“The cretinous stupidity of it!” snaps the tragic hero in Joseph Roth’s The Radetzky March as he faces up to his likely death in a duel over his wife’s honor. He did not want the fight and no longer loves his wife anyway, but the “stupid, steely law” of honor that bound his cavalry regiment left him no escape. In frustration, he sighs: “I don’t have the strength to run away from this stupid duel. I will become a hero out of sheer idiocy.”
Here we are, then, back to the cretinous stupidity of the Brexit conundrum—a conundrum created by a law as steely as Roth’s code of honor. The law is this: Because Britain is leaving the European Union’s economic zone at the end of the year, an economic border must be erected with the EU—and borders must go somewhere. This reality cannot be escaped.
Normally the requirement would not be a problem; borders usually go where one sovereign country ends and another begins. But the land where Britain must place this border with the EU, Northern Ireland, is not normal. Because of its particular history and demography, placing physical border controls between Northern Ireland, which is part of the United Kingdom, and the Republic of Ireland, which is a separate country, could, it is claimed, upend the delicate political settlement that exists in this unique corner of the world. Whether this is true or not, the EU has, in any case, decreed that it will not sign any deal with Britain that creates a land border in Ireland. That leaves Britain with the painful option of creating a sea border between Northern Ireland and the rest of the United Kingdom. In other words, Britain has to either institute an internal border or try to avoid one altogether by staying tied to EU rules in perpetuity, even after it has left the bloc.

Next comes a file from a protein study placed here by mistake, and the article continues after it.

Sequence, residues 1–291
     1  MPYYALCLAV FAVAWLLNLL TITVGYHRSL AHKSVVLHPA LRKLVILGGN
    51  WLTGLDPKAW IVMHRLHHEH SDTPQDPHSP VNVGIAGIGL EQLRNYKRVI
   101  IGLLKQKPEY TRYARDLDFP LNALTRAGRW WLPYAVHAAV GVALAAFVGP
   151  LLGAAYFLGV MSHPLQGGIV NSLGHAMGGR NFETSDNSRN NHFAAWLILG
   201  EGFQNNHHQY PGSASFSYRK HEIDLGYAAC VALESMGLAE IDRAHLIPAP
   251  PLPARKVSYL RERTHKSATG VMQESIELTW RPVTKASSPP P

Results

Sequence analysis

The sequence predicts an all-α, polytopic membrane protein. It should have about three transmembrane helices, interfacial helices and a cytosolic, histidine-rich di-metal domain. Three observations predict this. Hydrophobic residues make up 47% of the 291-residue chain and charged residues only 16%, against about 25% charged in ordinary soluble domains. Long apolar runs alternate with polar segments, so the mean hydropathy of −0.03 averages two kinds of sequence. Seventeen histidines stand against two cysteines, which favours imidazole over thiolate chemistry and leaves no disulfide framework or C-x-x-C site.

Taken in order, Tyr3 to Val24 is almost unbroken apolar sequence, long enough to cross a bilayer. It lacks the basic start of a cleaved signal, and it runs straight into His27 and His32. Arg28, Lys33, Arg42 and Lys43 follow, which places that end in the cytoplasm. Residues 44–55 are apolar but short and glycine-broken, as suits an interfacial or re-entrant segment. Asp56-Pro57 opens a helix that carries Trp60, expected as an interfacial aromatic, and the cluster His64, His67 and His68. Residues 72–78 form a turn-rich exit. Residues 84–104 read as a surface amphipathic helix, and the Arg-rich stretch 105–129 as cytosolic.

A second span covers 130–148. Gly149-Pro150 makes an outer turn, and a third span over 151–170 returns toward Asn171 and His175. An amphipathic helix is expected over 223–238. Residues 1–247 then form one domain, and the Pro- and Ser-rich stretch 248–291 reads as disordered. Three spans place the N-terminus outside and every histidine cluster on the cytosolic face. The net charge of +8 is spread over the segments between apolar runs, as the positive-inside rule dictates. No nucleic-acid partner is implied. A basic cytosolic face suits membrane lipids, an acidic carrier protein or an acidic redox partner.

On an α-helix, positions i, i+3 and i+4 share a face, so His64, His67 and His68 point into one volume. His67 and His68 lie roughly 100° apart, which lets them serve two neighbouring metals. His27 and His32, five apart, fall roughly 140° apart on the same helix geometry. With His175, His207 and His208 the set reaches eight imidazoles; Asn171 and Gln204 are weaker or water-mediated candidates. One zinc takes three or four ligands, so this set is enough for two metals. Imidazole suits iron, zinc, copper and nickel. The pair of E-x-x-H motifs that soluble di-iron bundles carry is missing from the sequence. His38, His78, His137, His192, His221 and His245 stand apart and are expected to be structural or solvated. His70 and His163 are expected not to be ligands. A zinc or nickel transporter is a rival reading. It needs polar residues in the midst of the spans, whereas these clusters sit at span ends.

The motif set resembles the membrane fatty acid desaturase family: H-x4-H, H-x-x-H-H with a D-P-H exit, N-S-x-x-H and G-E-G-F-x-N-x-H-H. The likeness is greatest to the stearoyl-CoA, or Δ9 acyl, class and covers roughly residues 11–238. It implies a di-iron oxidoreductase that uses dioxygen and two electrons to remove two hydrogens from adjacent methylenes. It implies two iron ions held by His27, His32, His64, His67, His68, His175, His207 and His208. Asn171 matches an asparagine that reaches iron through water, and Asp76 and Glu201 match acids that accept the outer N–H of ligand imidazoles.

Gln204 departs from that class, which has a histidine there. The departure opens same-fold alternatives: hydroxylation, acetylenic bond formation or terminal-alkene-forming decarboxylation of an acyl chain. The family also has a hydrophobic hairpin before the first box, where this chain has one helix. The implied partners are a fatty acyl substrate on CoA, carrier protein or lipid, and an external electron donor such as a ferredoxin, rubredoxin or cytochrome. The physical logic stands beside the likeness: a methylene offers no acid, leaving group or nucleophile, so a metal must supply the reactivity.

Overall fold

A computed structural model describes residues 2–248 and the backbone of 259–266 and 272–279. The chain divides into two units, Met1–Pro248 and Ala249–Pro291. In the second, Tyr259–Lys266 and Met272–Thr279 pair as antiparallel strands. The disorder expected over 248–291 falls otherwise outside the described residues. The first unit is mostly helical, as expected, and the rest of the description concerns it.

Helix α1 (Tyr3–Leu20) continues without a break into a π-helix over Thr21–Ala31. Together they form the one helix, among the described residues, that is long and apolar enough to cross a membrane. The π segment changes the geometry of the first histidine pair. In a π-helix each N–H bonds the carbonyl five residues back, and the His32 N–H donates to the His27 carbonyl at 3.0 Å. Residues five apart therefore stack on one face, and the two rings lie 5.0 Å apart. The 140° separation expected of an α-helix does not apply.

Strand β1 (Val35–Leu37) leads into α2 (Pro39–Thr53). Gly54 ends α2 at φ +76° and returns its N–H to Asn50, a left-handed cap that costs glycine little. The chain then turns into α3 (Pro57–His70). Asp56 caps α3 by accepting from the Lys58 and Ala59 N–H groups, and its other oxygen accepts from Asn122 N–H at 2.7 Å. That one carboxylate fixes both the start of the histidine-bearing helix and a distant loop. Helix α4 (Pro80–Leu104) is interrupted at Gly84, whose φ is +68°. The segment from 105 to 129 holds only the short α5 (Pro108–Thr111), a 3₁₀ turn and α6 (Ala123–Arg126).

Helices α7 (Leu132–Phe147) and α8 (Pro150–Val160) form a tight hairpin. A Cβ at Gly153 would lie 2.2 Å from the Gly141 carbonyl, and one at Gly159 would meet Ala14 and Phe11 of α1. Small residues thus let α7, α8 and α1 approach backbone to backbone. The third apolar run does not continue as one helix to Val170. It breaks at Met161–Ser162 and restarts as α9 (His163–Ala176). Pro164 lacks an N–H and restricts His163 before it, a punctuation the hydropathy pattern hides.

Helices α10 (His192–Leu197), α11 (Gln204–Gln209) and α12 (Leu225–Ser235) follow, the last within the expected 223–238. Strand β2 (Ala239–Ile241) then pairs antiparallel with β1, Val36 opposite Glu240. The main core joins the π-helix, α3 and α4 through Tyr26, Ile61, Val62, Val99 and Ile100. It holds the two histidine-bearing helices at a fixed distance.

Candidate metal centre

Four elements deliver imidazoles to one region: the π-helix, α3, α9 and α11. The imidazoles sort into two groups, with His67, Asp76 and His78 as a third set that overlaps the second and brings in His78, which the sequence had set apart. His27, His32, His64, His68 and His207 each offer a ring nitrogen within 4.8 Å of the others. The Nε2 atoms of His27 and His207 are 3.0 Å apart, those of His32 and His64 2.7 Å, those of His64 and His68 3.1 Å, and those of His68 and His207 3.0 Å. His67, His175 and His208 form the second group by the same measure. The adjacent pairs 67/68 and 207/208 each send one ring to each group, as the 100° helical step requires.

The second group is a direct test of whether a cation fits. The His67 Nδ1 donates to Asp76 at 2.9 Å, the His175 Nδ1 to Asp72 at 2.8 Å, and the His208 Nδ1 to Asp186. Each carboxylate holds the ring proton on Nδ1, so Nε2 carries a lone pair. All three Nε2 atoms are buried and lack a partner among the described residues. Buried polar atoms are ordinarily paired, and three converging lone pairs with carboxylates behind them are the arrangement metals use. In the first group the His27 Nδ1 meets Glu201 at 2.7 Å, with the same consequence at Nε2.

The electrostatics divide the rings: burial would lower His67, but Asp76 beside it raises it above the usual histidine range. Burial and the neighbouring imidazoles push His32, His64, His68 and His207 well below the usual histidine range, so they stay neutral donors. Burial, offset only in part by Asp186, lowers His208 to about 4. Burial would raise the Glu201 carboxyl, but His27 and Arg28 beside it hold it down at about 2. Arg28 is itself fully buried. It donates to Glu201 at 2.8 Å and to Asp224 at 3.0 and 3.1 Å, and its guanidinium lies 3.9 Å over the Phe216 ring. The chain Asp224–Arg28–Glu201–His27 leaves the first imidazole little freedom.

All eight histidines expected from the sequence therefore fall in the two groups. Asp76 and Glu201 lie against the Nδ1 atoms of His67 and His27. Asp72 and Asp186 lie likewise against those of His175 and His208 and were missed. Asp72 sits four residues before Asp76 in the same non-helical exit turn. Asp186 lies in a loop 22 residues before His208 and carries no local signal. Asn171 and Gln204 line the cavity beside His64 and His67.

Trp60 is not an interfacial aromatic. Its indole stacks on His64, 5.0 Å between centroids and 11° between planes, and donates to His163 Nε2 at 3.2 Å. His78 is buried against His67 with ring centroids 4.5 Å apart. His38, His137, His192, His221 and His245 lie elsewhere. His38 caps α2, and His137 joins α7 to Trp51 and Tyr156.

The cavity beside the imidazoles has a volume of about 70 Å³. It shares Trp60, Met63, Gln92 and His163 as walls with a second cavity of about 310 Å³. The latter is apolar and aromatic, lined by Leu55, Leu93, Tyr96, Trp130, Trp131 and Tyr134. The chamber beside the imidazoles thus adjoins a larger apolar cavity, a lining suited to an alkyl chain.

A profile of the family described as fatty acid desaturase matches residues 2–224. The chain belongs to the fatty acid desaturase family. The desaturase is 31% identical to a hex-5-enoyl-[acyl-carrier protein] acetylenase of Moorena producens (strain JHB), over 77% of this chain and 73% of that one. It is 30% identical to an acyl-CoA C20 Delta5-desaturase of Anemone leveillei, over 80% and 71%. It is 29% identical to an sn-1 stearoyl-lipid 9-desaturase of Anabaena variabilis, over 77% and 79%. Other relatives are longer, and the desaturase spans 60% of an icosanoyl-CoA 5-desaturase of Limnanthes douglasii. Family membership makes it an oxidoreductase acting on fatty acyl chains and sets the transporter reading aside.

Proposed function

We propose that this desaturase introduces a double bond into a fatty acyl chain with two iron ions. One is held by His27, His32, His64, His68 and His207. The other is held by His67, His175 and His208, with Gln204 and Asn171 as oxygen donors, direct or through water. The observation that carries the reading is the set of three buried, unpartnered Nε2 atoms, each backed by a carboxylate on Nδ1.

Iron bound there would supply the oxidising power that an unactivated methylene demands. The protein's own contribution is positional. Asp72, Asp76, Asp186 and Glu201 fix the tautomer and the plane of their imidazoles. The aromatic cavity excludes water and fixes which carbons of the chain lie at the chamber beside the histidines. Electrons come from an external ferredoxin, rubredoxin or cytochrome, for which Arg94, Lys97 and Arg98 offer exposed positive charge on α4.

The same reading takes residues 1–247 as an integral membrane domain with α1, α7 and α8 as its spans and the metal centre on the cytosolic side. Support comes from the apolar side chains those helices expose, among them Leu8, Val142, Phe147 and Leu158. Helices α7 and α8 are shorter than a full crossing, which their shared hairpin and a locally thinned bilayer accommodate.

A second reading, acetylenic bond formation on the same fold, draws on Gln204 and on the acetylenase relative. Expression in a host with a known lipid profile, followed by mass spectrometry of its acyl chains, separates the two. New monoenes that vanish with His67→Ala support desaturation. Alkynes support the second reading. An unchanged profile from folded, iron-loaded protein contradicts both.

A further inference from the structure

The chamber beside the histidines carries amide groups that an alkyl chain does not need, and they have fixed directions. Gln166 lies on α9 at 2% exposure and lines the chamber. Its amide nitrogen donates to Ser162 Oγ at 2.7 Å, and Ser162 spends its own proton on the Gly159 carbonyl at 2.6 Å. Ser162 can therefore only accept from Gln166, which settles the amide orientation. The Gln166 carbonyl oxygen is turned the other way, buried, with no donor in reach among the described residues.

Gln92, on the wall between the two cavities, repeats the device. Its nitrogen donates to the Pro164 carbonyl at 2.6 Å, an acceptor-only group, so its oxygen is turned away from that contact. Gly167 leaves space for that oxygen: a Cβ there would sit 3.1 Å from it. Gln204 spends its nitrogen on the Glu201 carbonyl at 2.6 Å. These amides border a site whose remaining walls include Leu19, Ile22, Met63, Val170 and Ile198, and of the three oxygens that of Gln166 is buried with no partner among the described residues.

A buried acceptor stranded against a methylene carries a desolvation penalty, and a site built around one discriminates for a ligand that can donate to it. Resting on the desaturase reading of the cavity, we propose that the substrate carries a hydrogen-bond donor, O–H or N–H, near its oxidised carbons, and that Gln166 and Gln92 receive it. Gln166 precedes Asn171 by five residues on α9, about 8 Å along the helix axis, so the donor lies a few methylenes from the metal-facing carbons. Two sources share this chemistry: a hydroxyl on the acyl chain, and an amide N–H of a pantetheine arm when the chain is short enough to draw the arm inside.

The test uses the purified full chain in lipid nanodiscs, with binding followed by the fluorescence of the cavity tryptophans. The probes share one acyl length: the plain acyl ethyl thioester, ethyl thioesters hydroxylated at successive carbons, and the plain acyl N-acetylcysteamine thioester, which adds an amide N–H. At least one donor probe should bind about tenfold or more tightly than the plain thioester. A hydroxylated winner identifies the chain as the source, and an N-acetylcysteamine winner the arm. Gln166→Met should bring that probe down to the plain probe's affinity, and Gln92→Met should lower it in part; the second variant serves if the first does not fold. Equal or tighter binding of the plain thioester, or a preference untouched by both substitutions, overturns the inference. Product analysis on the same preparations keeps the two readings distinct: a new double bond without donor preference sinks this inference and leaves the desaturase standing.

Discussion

For four years now, ever since the British public voted in the 2016 referendum to leave the EU, Britain has struggled with this inescapable law. And like some kind of tortuous finger trap, the more London has fought against it, the tighter and more painful the bind has become.
The upshot is that Britain is now staring at a diplomatic defeat that would have seemed almost unimaginable just a few years ago. Since the Brexit referendum, the country has somehow contrived to negotiate an economic border within its own territory and the possible loss of all preferential trading rights with its largest market. For a long time, most observers had taken for granted that Britain would end up paying one of these prices for Brexit—but not both. The cherry on top of this diplomatic-failure sundae is that the U.K. will also have to pay billions of euros for the privilege of divorcing the EU.